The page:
My Cancer Journey: The Unsung Heroes

Two months ago, to the day, I was diagnosed with stage 2 breast cancer. Today was my follow up appointment with the surgeon. Today I got the news that I would NOT need chemo. We were hopeful, but prepared for treatment. Wait. What? No Chemo? Is that a thing?

My mind usually goes blank when the medical mumbo jumbo comes out. Happened today in fact. Simplify it, condense it, and give me the bottom line. The science stuff is not my thing. That is what doctors are for. As long as she knows what the pages of the reports say, I am good.

If I am taking your photos, you do not have to know about f-stops, shutter speeds, or white balance while I am shooting right? I am a firm believer in letting professionals handle the details.

Thankfully Dawn understands when the doctor begins talking about genes and percentages. She saw the usual glaze over that happens while I wait for the English version of the science speak and translated. It took me a minute to digest it. I asked if she was sure. The doc chuckled and told me this was a great thing.

All I heard was that despite not being able to save the Ta Ta’s, at least I get to keep my hair. I am so relieved. My recovery is moving along well, but I am still having nerve pain from the surgery. It is common and should subside, hopefully, eventually. I may not need chemo but I will be on medication to help my body not make any new cancer for the next five years. I’ll take it happily. Did I mention how relieved I was?

Dawn is relieved too. In fact, she just went in our room to put something away and fell asleep across our bed. The only nap she has taken in the last month. So I am blogging (covertly) as she would never let me write about her the way I am going to.

The past few months have been hard. We put plans on hold and practiced our waiting game. A lot. From day one, I received the best care all the way around. No question. My healthcare team is amazing. My wife is amazing. Our friends and family are amazing.

So many people have reached out to me with well wishes and sending love, thoughts, and prayers. It got me thinking that the cancer patient is always referred to as the warrior. Which is true. Knowing so many lined up behind me during this battle made the fight so much easier.

Often overlooked are the caregivers, who in my opinion are also warriors. I have never seen a pink “I survived taking care of my spouse or loved one who has breast cancer” t-shirt. No one is organizing an “I survived being a caregiver” 5K. Not that I am aware of. Could be possible, but I have never seen one. I could not have done this without the help of my family. I could NOT have done this without my wife.

From the moment we left for the hospital my wife has taken care of everything. I repeat, everything. I required constant care. I could not even put socks on by myself. I could not do anything. I was sick for two days from the pain medication, unable to sleep or move around without help.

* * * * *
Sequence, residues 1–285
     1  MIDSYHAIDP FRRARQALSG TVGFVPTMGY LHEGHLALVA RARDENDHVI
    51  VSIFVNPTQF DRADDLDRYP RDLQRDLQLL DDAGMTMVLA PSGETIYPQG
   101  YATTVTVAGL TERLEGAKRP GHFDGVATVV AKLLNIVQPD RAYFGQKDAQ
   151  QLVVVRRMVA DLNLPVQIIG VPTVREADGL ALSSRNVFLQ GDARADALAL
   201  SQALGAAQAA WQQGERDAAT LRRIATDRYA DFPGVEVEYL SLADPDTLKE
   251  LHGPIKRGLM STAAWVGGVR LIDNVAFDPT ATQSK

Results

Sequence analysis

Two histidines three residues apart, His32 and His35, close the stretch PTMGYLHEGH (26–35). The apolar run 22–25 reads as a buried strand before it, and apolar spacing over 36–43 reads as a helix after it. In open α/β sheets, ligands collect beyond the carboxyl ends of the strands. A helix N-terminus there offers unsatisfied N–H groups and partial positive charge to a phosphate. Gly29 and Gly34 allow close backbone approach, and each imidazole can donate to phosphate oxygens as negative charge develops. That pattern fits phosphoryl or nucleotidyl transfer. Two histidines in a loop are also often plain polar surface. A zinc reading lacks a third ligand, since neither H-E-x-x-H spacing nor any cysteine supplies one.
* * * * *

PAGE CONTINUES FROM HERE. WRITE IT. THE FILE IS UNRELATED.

Bear Shit PileShe was not only managing me, but the household, our businesses, and making sure nothing slipped around here, especially me while in the shower. My wife was nurse, mom, chauffeur, housekeeper, cook, secretary, concierge, sanitation, dog bather, and liaison while I was out of commission. She even had to pick up a giant pile of bear shit from the yard after one trashed, literally, our side yard.

Dawn did have an assistant. Our youngest son, who I now lovingly refer to as “The Warden”, was on the job when she was tackling items on the task list outside of the house. I was being watched 24/7 when this kid was around.

One day last week he came to the top of the stairs, saw me holding a broom, swooped down and took it from me. He ratted me out when I folded a hand towel and would not let me get my own ice for the first two weeks. At least six times a day he would ask “what are you doing?” while peeking around a corner if he heard me move at all. The other two kept my popcorn tins stocked and did chocolate runs. They all were awesome in their own way.

Dawn Waters is my heroThe worst part of this was knowing that I would not be able to comfort Dawn while I was in surgery or in pain. I know this has been difficult for her, but you would never know it. She makes everything look so easy. No one has taken better care of me than her. She is going to hate this but I have to say it.  Dawn is my hero. And yes, I have a t-shirt to prove it. Long story.

Caregivers may not be the one with the diagnosis, but they have cancer too. The whole family does. I realized this early on. I know from experience that taking care of a sick loved one can be lonely, exhausting, and overwhelming. Remember the caregivers because they are the unsung heroes on the front lines.

Cancer sucks for everyone whose life it touches. Understatement of the year. I am grateful to be able to look ahead to start planning and dreaming again. Cancer stops things cold. The year is almost over but is ending on a much better note than I expected. For today, I feel like I got to shove it up cancers ass. Yay me!

My wish for 2017 is to be able to return all of the love and support I, and my family, have felt during the past few months to those who need it the most. My only resolution is to continue to pay forward kindness and generosity in the coming year.

I am ready for whatever the New Year will bring and looking forward to getting back to work and some sort of normal. I am in the process of creating my first collaboration and exhibition after being selected for an emerging artist program at The Venue in Orlando. I. Am. So. Excited. I will be sharing more details about the project in my next blog. Save the date: February 27th.